Amidst the sweltering heat of July in New York City, New York Men’s Day kicked off fashion week with full force on July 10th. Transporting us back to the 1960s mod, designers ranging from well-known David Hart to Nigerian newcomer Taofeek Abijako brought Dune Studios to life on the second Monday in July. The Spring/Summer 2018 men’s collections, although largely defined by the reinvention of old trends, brought about a new understanding of the casual man.
Descendant of Thieves’ SS18 collection, largely modeled after the 1960s, championed the transformation of staple slacks and button downs by pairing diverse prints and bright colors with classic cuts to allow the everyday man to express a bolder and more curated sense of style. The slicked hair and floral trousers sported by models of all races transported viewers back to the eccentricity of the 1960s, which like Daniel Hechter’s collection, revitalized the classic pair of tailored slacks and fitted blazers.
Woodhouse and Maiden Noir took a more light-hearted path towards reinvention by evoking imagery of fictitious sites of refuge and playtimes of the past, effectively shifting the viewer away from the harsh realities of the present. Models with baseball bats in hand wore caps adorned with the slogan, “Make Menswear Great Again”, to emphasize the overarching theme of reinvention. Similarly, Maiden Noir’s use of vibrant stripes and lighter typewriter broadcloth shirting to juxtapose muted army prints and dark overcoats emulated artist David Hockney’s portrayal of American West Coast culture to further the collection’s underlying theme of escapism.
Others undertook the theme of reinvention through a more mechanical approach by incorporating bold hardware to offset a lack of brighter colors and vibrant prints. Bristol’s SS18 collection screamed monotonous street style, while Heliot Emil’s ‘PTCS’ collection evoked images of combat. Drawing on the theme of 1960s reinvention, Heliot Emil traded in brights colors and bold patterns for fashion-forward bulletproof vests and embellished combat boots.
David Hart and Head of State crossed borders to showcase Cuban and West African trends in their SS18 collections. Playing on the western idealization of Cuban culture, David Hart combined patterned neck scarves and espadrilles with blazers and Panama hats to emphasize a seemingly outdated and dubious portrayal of Cuba in foreign pop culture, while still managing to deliver a collection of revitalized vacation wear for men. Similarly, 19 year-old Taofeek Abijako of Head of State drew inspiration from famed West African photographers and musicians to produce a collection of gingham-patterned trousers and muted brights geared towards the everyday man.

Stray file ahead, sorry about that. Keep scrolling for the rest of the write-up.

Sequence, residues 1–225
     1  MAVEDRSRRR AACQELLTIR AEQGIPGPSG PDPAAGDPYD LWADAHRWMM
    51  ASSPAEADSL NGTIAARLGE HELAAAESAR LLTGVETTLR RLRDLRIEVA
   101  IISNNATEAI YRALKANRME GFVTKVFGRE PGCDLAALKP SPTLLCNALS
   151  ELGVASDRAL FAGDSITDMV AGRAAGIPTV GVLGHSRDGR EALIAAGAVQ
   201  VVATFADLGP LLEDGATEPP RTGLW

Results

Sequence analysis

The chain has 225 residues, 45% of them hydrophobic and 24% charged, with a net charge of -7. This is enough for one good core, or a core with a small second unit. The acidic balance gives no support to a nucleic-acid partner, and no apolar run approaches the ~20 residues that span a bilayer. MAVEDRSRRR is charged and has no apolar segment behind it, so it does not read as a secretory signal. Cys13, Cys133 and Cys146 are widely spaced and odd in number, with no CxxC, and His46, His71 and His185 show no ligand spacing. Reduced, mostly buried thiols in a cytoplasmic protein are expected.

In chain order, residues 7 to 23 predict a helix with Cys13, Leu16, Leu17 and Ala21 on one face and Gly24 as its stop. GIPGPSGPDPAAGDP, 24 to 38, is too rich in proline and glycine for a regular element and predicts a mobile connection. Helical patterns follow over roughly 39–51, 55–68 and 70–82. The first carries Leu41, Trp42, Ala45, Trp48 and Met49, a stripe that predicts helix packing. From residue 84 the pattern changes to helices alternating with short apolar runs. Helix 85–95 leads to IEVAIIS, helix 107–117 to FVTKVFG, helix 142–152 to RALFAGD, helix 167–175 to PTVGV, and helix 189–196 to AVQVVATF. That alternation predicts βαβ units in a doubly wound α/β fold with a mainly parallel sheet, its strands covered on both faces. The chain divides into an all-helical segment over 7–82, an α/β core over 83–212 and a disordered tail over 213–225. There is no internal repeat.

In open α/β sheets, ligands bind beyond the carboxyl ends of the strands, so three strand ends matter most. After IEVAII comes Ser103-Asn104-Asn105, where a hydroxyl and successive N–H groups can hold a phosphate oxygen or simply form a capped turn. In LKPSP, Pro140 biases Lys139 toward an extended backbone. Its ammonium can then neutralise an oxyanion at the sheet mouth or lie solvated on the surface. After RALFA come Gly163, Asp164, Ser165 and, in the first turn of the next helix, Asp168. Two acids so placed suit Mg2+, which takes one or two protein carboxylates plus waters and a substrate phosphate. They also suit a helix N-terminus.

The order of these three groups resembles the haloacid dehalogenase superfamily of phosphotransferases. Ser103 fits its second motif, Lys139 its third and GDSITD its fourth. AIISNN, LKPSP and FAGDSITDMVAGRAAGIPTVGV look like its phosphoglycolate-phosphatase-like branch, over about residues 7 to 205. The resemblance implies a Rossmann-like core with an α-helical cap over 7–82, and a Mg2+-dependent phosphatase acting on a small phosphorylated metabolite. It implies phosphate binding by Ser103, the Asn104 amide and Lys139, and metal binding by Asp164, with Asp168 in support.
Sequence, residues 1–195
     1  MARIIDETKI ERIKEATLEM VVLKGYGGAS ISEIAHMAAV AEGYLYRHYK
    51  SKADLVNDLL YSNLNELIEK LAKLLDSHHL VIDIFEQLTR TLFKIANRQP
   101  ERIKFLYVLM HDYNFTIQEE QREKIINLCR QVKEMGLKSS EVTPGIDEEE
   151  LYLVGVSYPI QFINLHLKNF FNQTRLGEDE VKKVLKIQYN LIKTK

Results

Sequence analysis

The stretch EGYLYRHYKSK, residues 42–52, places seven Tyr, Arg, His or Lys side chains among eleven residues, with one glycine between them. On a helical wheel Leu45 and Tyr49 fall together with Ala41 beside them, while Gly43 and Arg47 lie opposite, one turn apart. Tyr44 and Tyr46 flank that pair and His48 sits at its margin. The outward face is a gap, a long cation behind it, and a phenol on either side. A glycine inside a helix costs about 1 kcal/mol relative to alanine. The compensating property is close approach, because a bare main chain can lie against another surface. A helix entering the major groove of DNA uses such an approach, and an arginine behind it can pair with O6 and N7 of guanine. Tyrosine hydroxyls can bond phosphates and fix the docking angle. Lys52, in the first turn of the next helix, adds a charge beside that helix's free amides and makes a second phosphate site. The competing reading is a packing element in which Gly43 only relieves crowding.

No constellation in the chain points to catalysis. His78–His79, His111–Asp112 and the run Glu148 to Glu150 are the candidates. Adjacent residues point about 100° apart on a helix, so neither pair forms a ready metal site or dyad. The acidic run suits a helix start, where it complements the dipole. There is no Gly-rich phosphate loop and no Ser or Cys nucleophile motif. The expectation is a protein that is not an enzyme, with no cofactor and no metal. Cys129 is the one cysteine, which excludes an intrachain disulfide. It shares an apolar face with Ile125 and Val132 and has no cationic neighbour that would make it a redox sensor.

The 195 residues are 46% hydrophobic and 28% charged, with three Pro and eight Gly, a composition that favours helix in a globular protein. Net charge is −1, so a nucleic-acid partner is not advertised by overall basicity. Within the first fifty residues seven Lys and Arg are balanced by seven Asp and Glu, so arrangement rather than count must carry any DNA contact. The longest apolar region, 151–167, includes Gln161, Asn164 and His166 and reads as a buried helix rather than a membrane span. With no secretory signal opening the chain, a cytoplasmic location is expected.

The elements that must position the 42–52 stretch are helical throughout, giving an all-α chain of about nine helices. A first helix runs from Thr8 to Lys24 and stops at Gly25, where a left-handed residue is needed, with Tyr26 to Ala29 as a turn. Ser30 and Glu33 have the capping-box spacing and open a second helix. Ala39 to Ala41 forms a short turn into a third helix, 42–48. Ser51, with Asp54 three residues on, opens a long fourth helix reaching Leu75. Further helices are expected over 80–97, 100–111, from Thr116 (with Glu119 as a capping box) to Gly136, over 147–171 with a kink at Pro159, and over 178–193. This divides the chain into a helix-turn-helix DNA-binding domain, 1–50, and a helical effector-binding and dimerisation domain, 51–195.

Krammer + Stoudt’s SS18 collection collided resort-wear with metallic patterns and business casual. Drawing on Southwestern influence and vintage SoCal subculture, the collection expressed a modern twist on contemporary menswear by combining eccentric prints with a muted palette of beige, blue, cream, and grey. By combining linen suits with sneakers and metallic backdrops, Krammer + Stoudt adds glitz to everyday garb.
Drawing from the diverse culture and characteristic bustle of the United States, Private Policy’s SS18 collection illustrated the fine line between the fragility and beauty of the American Dream. By coupling quintessential American symbols, such as cowboy boots of the Wild West and urban takeout bags, with eccentric hairstyles and a wide range of accessories, Private Policy’s SS18 line presented a unique interpretation of American culture that reconciles its past with its ever-changing future. Similarly, hinging on the growing streetwear trend, Life in Perfect Disorder’s music-accompanied presentation brought us directly to the streets and challenged the popular interpretation of casual wear. Graphic prints, patterned button-downs, and drawstring leather jackets gave the collection purpose, effectively conveying a more politically charged message.
In their ability to reconcile trends of the past with those of the present, designers, both young and old, revitalized men’s fashion to mirror the ever-changing sociopolitical climate of the future. Men’s Day proved to be an opportunity to showcase creativity and innovation, but also one to revisit the past and alter the path of the future. Designers used their collections to vocalize their present-day political and cultural qualms, further emphasizing fashion’s capacity to possess influence beyond the creative sphere.
Amassed, Men’s Day forecast a theme of reinvention and purpose for the remainder of men’s fashion week.
Feature image: Maiden Noir Presentation